Voices of Variegation Pt3

Trackless Tracts Revisited

I.
No train of thought on the track
Of chain reaction

To the café
Called abstraction

Where age is
A broken record skipping

Just for the hell of it

As jazzmen sometimes scream
Buoyant riffs that tiptoe

Through tulips atop the roof gardens
Like birds at play

Until the future is

A retrospection
On apocalypse

In antiquity’s
Private collection.

II. 
No train of thought
Or inherited

Inhibitions
Just rumbled rambles

Of revelation
Riding an escalating

Squall shaping
Into a streaming storm
Of consciousness coming

& going like zephyrs
Zooming in a zealous flurry

At the zero hour
Of Earth waking
To the flight of a newborn

Sunshower
Chasing the clouds away.

III.
No train of thought
Or sanctimonious

Superstitions
Merely moments

On the montage
Of mynd, remembering

The corridors

To everywhere from the edge
Of nowhere. No train

Of thought, just ordinary
Moods, & hearts

With standing room

Only, between moments
Of night & day

Sundry as the soular
Paths ahead of me.

©2003

Endangered Species

For once in this life, we need
To be the ones who flew the coop
Away from the cuckoo’s nest

Of working our lives away with nothing to show
For them, if ever we can rein passion from pain

With words as our high art but action as our heart
To curtail the cowardly critics sent to be our bane
Posing to be p.c. when truly they suffer from o.c.d.

Endangering our freedom of expression
Throwing forks in the road
Of our way as though they can suppress

The transmissions of a revolution happening as we speak
Or diffuse the bomb of propaganda that their loyal
Lackeys of oligarchical bureaucracy have already leaked.

©2015 

Higher Learning

By
All
Means, then—
Let us be
Autodidactic
No matter
How lost
The cause

Purging our minds of indoctrination

It
Will
Never
Matter how
Much shouting, marching
& rioting we carry on

It
Shall
Be in
Vain, merely
Impotent gestures

Unless we end our miseducation.

©2015

Excerpts. 11

“The only thing we learn from history is that we learn nothing from history.”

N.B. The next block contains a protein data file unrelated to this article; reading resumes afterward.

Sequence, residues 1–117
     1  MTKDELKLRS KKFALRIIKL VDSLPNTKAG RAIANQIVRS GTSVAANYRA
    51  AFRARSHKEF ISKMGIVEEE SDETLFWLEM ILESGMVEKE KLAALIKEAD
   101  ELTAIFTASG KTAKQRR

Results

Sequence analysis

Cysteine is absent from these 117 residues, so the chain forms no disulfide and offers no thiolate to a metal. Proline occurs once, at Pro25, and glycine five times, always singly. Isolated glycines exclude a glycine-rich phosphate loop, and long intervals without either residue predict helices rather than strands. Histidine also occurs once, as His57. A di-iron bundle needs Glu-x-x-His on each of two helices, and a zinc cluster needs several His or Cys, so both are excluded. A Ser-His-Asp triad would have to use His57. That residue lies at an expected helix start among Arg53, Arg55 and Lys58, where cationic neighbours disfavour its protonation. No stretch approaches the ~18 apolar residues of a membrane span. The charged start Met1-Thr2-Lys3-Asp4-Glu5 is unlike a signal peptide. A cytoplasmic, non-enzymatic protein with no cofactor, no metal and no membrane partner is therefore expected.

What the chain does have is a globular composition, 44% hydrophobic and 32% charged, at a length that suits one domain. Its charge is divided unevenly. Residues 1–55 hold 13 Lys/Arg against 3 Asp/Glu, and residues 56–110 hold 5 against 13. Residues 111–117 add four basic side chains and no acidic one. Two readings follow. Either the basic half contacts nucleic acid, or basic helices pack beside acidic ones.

–Friedrich Hegel

“When the litters are overturned by the whirlwind
and faces are covered by cloaks,
the new republic will be troubled by its people.
At this time the reds and the whites will rule wrongly.

Alas, how we will see a great nation sorely troubled
and the holy law in utter ruin.
Christianity governed throughout by other laws,
when a new source of gold and silver is discovered.

The false trumpet concealing madness
will cause Byzantium to change its laws.
From Egypt there will go forth a man who wants
the edict withdrawn, changing money and standards.

The trumpet shakes with great discord.
An agreement broken: lifting the face to heaven:
the bloody mouth will swim with blood;
the face anointed with milk and honey lies on the ground.”
–Nostradamus, 16th Century

“All poets, all writers are political. They either maintain the status quo, or they say, ’Something’s wrong, let’s change it for the better.’”
—Sonia Sanchez

“Genuine poetry can communicate before it is understood.”
—T.S. Eliot

“I’m a great believer in poetry out of the classroom, in public places, on subways, trains, on cocktail napkins. I’d rather have my poems on the subway than around the seminar table at an MFA program.”
—Billy Collins

“If I feel physically as if the top of my head were taken off, I know that is poetry.”
—Emily Dickinson

“Poetry is language at its most distilled and most powerful.”
—Rita Dove

“Poetry is like a bird, it ignores all frontiers.”
—Yevgeny Yevtushenko

“Poetry is the lifeblood of rebellion, revolution, and the raising of consciousness.”
—Alice Walker

“Poetry might be defined as the clear expression of mixed feelings.”
—W.H. Auden

“Poetry, I feel, is a tyrannical discipline. You’ve got to go so far so fast in such a small space; you’ve got to burn away all the peripherals.”
—Sylvia Plath

“When I began to listen to poetry, it’s when I began to listen to the stones, and I began to listen to what the clouds had to say, and I began to listen to other. And I think, most importantly for all of us, then you begin to learn to listen to the soul, the soul of yourself in here, which is also the soul of everyone else.”
—Joy Harjo

“There’s a reason poets often say, ‘Poetry saved my life,’ for often the blank page is the only one listening to the soul’s suffering, the only one registering the story completely, the only one receiving all softly and without condemnation.”
—Clarissa Pinkola Estes
 
“You can find poetry in your everyday life, your memory, in what people say on the bus, in the news, or just what’s in your heart.”
—Carol Ann Duffy

“If I read a book and it makes my whole body so cold no fire can ever warm me, I know that is poetry.”
—Emily Dickinson

Compiled by  the Poet Tree of Discoursing Drums in collaboration with the By Any Dreams Necessary Collective.